Stuart Baxter on Friday resigned as Bafana Bafana head coach bringing an end to a turbulent second spell in charge of the men's national team.
Baxter was appointed on May 4, 2017, and was handed a five-year contract until June 2022 with the mandate of guiding Bafana Bafana to the 2022 Soccer World Cup in Qatar.
Reading from a prepared statement while flanked by SAFA CEO Russell Paul, Baxter confirmed that he was stepping down with immediate effect.
"Someone should continue with this project and therefore I am resigning as Bafana Bafana head coach," Baxter said.
"It was my personal decision to step down. I feel that I cannot continue to work with the required professionalism and passion as I have done, and to deal with the many issues involved with this programme. I've chosen not to point fingers in the past and will not do that now, and even when it would have been better for me personally to blame others I've tried to recognise what I could do to affect the situation and keep a level of integrity."
SAFA had previously confirmed that Baxter failed to hand in a performance report on the African showpiece and instead headed immediately to Sweden on holiday.
The 65-year-old though has a poor record at the helm with a win ratio of just 38% having overseen 21 matches in charge.
Meanwhile, the Bafana Bafana out-going coach, Stuart Baxter will earn exactly R0 from the remainder of his contract‚ he revealed at his press conference announcing his resignation in Johannesburg on Friday.
Calculations have been that the SA Football Association (Safa)‚ had they wanted to fire Baxter‚ would have had to pay out around R17m remaining in the three years left on his contract.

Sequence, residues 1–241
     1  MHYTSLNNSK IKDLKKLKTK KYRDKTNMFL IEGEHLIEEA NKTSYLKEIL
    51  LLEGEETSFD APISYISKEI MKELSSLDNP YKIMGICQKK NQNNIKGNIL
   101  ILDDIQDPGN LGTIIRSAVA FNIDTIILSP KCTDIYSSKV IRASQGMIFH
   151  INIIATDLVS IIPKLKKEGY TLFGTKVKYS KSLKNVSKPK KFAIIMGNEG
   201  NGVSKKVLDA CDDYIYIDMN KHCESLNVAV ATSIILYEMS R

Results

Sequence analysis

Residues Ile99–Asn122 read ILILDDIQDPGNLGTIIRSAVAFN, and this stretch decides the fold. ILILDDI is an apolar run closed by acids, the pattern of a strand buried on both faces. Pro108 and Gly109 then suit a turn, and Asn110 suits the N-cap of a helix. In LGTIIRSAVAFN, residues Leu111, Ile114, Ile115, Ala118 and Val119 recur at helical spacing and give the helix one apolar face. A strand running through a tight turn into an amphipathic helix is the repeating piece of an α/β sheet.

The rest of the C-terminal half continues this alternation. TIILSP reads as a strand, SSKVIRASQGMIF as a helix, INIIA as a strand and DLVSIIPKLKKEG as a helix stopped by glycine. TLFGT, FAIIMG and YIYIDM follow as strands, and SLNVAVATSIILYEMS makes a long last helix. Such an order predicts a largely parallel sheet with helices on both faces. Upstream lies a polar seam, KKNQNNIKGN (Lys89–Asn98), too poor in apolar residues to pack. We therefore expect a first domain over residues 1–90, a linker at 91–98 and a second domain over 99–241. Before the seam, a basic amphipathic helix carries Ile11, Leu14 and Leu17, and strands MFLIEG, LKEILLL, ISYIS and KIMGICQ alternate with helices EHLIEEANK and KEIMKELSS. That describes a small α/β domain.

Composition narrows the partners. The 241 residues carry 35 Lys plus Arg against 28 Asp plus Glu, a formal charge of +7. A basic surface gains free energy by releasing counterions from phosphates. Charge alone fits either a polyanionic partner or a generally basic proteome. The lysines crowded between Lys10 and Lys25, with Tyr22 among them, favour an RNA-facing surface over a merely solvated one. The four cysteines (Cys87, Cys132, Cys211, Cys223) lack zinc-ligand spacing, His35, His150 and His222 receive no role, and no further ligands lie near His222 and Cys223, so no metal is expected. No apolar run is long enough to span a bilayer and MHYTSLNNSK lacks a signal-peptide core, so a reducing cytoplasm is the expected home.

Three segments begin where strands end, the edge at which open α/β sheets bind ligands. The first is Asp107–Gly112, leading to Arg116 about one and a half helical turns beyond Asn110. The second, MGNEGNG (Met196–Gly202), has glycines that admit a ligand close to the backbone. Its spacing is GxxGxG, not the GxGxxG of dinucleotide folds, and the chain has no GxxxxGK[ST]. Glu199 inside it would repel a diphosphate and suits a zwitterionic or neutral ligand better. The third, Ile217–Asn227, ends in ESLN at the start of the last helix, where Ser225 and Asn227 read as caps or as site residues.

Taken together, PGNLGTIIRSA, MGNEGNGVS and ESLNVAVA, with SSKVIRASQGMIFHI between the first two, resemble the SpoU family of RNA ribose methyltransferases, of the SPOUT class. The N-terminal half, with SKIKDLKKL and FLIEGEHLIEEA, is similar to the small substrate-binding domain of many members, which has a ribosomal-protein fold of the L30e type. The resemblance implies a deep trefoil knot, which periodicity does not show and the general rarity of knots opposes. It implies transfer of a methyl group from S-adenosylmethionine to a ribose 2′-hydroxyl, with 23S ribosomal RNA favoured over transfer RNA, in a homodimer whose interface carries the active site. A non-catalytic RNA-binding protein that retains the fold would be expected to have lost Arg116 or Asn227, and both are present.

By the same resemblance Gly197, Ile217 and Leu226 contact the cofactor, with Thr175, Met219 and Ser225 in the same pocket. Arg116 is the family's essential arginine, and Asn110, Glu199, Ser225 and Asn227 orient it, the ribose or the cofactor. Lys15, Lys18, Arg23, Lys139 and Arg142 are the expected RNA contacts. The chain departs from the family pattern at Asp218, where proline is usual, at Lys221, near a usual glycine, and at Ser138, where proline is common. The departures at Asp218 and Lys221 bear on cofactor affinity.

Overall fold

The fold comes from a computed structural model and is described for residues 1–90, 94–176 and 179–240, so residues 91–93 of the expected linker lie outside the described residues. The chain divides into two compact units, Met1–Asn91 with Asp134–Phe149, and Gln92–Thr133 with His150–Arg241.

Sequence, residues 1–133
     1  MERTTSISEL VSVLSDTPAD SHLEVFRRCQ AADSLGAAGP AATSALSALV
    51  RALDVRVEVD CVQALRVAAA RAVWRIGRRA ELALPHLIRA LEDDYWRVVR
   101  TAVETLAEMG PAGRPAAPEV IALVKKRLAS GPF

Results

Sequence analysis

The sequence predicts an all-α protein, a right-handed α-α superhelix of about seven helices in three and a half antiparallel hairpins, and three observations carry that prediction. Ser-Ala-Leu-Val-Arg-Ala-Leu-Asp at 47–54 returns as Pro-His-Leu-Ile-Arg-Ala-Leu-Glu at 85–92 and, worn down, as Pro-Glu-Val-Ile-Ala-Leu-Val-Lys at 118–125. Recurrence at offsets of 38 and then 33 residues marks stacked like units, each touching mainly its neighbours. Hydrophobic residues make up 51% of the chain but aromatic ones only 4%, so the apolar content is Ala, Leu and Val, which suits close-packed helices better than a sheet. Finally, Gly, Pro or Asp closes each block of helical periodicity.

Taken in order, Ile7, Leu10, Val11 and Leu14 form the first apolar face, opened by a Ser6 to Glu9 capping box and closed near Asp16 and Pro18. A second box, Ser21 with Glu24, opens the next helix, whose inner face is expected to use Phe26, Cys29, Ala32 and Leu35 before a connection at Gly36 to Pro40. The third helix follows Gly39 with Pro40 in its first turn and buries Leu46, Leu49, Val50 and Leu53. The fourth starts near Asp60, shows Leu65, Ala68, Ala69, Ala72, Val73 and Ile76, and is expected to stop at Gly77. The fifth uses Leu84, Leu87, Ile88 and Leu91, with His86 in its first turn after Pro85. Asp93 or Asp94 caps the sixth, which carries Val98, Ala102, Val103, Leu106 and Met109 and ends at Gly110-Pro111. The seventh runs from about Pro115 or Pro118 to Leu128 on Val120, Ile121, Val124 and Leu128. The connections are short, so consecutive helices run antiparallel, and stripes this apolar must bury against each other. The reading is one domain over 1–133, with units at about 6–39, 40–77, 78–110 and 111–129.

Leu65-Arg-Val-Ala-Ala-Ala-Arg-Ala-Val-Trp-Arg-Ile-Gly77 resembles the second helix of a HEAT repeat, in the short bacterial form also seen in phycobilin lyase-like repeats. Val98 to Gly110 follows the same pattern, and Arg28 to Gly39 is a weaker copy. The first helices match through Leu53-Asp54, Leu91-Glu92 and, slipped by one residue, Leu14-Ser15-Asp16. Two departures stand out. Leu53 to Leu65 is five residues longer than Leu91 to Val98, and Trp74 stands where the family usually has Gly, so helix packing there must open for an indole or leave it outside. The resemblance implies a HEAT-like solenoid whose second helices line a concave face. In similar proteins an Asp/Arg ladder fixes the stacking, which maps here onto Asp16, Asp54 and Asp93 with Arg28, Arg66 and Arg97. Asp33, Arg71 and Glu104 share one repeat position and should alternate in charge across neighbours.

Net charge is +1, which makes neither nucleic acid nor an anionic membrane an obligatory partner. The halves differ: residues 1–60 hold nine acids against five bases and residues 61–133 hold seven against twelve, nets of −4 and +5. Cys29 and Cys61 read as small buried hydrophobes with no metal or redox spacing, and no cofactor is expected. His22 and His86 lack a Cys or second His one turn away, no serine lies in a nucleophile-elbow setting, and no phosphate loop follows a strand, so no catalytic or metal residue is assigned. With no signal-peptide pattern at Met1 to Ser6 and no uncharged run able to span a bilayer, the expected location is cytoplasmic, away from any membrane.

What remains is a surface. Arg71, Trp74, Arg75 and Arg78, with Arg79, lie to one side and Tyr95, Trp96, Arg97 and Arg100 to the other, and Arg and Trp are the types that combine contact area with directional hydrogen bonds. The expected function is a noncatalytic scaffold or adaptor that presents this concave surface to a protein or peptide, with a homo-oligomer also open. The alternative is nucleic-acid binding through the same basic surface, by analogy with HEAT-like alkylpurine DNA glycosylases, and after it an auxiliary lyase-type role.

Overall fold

Safa acting chief executive Russell Paul‚ who attended the press conference at Killarney Country Club that was strangely privately called by Baxter‚ was asked if any settlement figure had been negotiated with the coach for him to resign.
“I’ll answer that for Russell. The settlement will be a massive zero‚” Baxter said.
“This is not about money. It’s never been about money for me. It’s been an honour to coach the national team. I’ve been very upset when people have written things like‚ ‘The coach is not doing anything. Look at the PSL coaches and how hard they’re working‚ and the stress they’re under’‚ quoting anything between R12m and now R17m [to pay Baxter out should he be fired].
“It’s obviously the easiest way of upsetting people who are struggling in South Africa. To say that‚ ‘This lazy national coach who earns a fortune…’. This has never been about money. And all of those quotes were so far off the mark it was embarrassing. Now‚ I’m resigning my role. Therefore‚ if Safa said to me‚ ‘We would like you to stay for two weeks extra or one month extra to help us in a transition’‚ then I would be paid for that.
“But I won’t be paid anything for not doing anything‚ and certainly not for resigning from my job. What I’m going to do next‚ I don’t know.”
Paul then confirmed that Baxter would not be paid a settlement figure.
“The coach has answered your question. So as far as we are concerned‚ we are at that place‚” Safa's acting boss said.
Baxter failed to qualify for the 2018 World Cup in his second stint with Bafana of just over two years‚ but reached the 2019 Africa Cup of Nations‚ where South Africa exited in the quarterfinals with a 2-1 defeat to Nigeria.
– Sports24 / Timeslive